I could see the problem.
Bill was facing a mid-life career crisis. A giant of a man and a former US Marine, he had worked in a factory for years. With a downturn in the economy, the plant was closing, and he decided to become an over-the-road flatbed truck driver. At the time, I was his driver trainer, and I could see Bill’s struggle.
Every time Bill made a mistake, it created a cascade of worry. He worried that he wouldn’t get the job, and that he wouldn’t be able to pay his bills, and, mostly, that he would not be able to care for his son. And so, with every mistake came an avalanche that shook Bill all the way down to his deepest fears. He fought valiantly against it, but he was really struggling. During his third week of training, as every mistake brought a string of curses and a series of worsening mistakes, it finally came to me.
I asked him, “Bill, what’s your happy place?”
He was confused for a second, and asked, “My happy place?”
“Yeah,” I replied, “What’s the thing that makes you the happiest, that relaxes you and gives you strength?”
I could see this gruff giant of a man, covered with tattoos, soften as he said, “My kid. That’s what makes me the happiest.”
I explained to him that every time he made a mistake, he should go to his “happy place” and use it as a source of strength. You see, every time Bill made a mistake, it interrupted his mind’s ability to drive the truck correctly, and it just got worse. As his mind became more and more distracted, his performance suffered.
And it’s the same thing for Christians. We often get distracted by our present circumstances and this affects our ability to face problems. We pray for God to remove the trouble we are in; we ask Him to take away our financial problems, our illness and suffering. We ask Him to remove the difficult people from our lives. It is appropriate and right to pray for relief from suffering, but while we pray for relief, we must also pray in a way that develops our character.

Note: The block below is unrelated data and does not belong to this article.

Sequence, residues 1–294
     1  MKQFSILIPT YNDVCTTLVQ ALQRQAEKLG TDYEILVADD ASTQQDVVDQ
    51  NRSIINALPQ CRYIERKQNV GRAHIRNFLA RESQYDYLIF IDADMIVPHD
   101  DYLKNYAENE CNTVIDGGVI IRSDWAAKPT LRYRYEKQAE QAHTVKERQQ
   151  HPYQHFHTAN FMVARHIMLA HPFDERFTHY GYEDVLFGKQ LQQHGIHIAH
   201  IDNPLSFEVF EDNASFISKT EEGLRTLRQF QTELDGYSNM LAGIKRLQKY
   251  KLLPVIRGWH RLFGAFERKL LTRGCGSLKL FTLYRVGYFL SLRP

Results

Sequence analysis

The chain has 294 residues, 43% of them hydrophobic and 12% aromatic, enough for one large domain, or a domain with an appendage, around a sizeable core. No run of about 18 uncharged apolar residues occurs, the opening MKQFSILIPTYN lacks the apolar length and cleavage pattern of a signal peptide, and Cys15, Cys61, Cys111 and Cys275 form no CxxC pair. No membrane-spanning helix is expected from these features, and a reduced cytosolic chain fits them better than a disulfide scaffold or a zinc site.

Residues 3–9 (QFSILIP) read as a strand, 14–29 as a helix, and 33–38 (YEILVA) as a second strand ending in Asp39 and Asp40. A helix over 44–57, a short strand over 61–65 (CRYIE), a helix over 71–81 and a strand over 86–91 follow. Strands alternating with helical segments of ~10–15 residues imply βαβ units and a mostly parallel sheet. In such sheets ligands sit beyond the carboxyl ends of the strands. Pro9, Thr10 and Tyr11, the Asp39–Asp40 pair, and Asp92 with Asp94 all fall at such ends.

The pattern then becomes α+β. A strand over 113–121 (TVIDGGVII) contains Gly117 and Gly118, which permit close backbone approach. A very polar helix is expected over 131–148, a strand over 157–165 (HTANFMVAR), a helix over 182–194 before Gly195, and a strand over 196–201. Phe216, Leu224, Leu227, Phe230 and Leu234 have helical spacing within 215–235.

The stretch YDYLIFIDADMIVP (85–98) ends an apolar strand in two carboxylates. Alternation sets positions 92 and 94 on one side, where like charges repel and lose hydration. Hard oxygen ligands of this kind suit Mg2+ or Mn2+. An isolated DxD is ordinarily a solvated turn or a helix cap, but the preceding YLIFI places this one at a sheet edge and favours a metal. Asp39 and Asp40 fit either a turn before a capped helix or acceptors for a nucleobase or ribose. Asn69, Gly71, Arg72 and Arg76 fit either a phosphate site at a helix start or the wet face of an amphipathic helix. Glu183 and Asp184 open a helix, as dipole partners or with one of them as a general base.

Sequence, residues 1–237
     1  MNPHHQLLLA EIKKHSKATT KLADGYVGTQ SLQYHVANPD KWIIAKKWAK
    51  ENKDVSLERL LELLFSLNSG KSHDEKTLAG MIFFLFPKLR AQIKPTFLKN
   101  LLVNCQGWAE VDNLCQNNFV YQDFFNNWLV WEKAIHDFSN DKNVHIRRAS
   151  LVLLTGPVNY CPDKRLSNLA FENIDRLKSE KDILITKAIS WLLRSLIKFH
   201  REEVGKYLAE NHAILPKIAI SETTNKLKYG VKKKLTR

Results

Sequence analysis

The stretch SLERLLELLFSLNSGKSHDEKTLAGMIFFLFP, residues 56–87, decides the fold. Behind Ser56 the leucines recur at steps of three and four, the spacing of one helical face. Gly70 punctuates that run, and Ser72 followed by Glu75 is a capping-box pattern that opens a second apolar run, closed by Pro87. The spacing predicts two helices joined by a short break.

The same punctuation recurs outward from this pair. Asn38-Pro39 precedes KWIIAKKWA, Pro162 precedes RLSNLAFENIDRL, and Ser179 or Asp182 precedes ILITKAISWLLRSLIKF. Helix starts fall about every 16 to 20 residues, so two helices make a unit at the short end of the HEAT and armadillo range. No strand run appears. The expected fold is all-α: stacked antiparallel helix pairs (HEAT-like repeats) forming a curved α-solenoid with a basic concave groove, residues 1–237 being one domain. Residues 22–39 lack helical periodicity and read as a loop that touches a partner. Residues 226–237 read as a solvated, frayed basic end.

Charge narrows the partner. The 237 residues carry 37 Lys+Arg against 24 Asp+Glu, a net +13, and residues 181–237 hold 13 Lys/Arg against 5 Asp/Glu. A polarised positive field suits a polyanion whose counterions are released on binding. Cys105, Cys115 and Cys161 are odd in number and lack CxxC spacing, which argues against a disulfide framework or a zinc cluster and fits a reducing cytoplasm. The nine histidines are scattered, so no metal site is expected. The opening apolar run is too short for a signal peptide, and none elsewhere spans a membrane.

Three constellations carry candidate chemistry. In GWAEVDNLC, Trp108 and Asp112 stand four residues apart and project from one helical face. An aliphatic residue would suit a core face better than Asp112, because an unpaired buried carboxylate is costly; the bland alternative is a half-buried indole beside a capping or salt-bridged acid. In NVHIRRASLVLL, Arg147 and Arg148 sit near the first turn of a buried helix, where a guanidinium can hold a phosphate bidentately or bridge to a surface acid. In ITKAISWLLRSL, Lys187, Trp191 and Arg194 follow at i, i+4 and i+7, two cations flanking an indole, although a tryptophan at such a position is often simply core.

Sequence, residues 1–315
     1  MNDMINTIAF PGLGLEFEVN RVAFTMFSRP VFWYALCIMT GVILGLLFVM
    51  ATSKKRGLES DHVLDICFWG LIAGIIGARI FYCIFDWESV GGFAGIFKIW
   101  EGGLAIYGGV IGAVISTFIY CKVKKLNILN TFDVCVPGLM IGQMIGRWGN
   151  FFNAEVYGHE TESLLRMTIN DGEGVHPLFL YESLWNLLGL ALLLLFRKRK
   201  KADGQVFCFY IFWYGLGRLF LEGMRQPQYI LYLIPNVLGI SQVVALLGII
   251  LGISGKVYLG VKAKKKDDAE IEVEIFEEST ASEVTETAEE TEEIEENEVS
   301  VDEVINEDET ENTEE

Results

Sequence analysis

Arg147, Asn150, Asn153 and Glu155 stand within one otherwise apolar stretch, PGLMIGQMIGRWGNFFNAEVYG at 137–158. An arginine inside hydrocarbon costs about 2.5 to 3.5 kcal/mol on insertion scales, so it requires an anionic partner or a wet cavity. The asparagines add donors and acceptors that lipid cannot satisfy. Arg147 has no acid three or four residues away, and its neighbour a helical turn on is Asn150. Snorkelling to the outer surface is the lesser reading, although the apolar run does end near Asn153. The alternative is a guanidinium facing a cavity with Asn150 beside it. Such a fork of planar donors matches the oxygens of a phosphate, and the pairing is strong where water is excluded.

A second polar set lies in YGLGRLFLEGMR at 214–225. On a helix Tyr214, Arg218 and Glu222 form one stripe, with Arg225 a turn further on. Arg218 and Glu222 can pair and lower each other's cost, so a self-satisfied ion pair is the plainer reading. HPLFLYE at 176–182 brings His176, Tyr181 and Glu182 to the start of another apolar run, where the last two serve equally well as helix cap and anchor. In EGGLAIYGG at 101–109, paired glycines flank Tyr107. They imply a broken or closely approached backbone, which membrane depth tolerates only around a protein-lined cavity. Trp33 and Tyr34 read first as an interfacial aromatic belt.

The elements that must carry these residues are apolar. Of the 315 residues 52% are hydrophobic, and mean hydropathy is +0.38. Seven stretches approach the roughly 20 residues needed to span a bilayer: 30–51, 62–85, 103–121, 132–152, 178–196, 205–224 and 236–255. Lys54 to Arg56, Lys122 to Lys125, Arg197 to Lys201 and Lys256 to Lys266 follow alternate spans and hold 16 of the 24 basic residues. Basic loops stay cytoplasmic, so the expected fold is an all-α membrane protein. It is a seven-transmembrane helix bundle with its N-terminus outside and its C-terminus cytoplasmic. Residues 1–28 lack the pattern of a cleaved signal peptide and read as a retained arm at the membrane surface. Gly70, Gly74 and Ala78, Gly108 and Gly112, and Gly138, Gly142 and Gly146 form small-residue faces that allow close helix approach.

Ephesians 3:16 says, “I pray that out of his glorious riches he may strengthen you with power through His Spirit in your inner being.” Looking for the basic idea of this clause, you come up with: “I pray that… he may strengthen you… in your inner being.” And this prayer shifts our focus from the external problem to the inner strength of character that we need to face every problem. And as we allow God to strengthen our inner character, we increase our ability to deal with stress and our ability to serve others who are suffering.
Bill’s driving changed almost instantly. Every time he made a mistake, I could hear this burly man muttering about his “happy place,” and drawing on the inner strength that he never knew he had. Imagine how much more strength there is in the deep and abiding love of God for you, and for us.